Legal bid over NHS White Paper
A leading union has launched legal action against the Government over its health White Paper, claiming ministers failed to consult over its plans to "fundamentally change" the way the NHS is run.
Unison said it wanted to challenge Health Secretary Andrew Lansley over his "refusal" to consult with the public on proposals in the White Paper, which was published last month.
The union said the plans would bring about the most fundamental changes to the way the NHS operated since it was created.
Unison said that the day after the White Paper was published, NHS chief executive Sir David Nicholson wrote to all NHS chief executives instructing them to start implementing the proposals "immediately", which the union maintained was unlawful.
Officials argued that no steps should have been taken to implement the changes until the public had been given the opportunity to comment on them.
Karen Jennings, Unison's head of health, said: "I find it incredible that the NHS chief executive would say he believes there is no legal duty on the secretary of state to consult on the merits of the proposals in the White Paper.
"The White Paper contains sweeping changes to the NHS and how it should be run. The NHS constitution enshrines the principle that the public, staff and unions have an absolute right to be consulted, and that means not only on how the proposals are to be implemented, but also whether they should go ahead in the first place. The Department for Health's refusal to recognise this clear and important legal duty leaves us no option but to issue legal proceedings as a matter of urgency."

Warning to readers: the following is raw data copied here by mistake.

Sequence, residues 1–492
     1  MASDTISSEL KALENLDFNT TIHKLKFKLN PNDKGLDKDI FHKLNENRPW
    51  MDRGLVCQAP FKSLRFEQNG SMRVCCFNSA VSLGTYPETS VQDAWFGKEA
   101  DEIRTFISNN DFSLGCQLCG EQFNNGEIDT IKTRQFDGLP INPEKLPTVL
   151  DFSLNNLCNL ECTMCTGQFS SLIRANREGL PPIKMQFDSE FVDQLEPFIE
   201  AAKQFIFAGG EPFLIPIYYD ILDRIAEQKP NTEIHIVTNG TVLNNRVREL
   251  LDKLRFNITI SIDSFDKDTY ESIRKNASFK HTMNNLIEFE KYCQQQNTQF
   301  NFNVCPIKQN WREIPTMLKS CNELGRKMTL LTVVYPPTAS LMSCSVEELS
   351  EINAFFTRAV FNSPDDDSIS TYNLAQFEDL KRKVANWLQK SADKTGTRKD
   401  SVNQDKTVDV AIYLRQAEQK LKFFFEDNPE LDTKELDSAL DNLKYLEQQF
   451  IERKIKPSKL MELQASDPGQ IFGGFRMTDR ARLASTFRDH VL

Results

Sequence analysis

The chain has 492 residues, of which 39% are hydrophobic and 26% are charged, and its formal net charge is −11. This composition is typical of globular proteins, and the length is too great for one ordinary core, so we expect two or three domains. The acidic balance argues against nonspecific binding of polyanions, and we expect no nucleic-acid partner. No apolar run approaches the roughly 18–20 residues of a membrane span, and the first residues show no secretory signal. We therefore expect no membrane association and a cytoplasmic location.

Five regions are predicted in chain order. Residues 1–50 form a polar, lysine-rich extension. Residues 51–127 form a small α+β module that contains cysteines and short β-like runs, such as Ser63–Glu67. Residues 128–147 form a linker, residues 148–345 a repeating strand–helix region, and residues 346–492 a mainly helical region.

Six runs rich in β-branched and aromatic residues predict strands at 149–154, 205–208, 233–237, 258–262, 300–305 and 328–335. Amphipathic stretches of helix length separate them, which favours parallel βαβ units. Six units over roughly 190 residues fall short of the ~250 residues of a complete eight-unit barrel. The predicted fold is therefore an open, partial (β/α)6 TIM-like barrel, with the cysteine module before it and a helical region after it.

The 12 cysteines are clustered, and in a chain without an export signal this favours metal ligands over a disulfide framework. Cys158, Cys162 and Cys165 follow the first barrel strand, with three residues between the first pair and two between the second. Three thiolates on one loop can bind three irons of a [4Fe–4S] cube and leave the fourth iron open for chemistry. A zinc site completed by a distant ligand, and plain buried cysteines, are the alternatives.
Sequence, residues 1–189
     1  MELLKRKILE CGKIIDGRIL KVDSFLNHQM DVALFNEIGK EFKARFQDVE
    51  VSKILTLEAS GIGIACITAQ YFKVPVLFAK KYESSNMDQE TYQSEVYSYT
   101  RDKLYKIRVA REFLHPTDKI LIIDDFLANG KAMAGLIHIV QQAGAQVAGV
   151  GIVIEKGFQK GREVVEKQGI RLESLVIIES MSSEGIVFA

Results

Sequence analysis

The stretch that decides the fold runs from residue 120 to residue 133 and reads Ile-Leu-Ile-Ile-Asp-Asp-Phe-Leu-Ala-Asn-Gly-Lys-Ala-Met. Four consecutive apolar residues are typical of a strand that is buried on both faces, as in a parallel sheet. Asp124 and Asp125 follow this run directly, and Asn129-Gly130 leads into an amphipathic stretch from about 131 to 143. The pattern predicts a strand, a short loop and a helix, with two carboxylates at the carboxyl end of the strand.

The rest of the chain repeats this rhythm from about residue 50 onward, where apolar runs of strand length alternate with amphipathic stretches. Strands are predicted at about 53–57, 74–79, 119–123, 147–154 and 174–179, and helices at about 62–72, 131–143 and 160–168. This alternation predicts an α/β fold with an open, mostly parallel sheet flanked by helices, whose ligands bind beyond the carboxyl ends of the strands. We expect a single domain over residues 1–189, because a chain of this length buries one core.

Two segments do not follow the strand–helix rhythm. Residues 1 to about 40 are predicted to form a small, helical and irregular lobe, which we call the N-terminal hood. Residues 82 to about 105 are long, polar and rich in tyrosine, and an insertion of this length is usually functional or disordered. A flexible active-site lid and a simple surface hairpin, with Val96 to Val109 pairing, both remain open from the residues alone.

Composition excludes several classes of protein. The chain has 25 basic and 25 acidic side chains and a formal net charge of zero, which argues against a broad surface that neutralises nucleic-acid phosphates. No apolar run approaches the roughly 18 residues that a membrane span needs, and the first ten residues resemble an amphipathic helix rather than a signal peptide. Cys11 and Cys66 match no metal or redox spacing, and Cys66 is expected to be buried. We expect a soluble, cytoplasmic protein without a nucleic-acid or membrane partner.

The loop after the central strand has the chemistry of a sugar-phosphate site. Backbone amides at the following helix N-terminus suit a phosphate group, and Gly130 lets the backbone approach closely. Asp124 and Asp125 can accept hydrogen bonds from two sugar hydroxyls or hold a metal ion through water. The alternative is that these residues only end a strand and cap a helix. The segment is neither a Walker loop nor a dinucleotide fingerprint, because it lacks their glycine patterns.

Unison claimed the White Paper opened the door to privatisation of the health service, warning it would plunge the NHS into "chaos".
Unison criticised plans to cut back on bureaucracy and do away with Primary Care Trusts and Strategic Health Authorities while allowing the "proliferation" of GP consortia and giving billions of pounds to "untried, untested and probably private sector-led" organisations.
Shadow health secretary Andy Burnham backed Unison, saying: "There is no democratic mandate for the break-up of the NHS. I don't believe there are many, if any, of the seven million people who voted Lib Dem who support the Government's plans. As the Coalition Agreement explicitly ruled out a top-down NHS reorganisation, these dangerous plans represent one of the biggest and quickest U-turns in political history."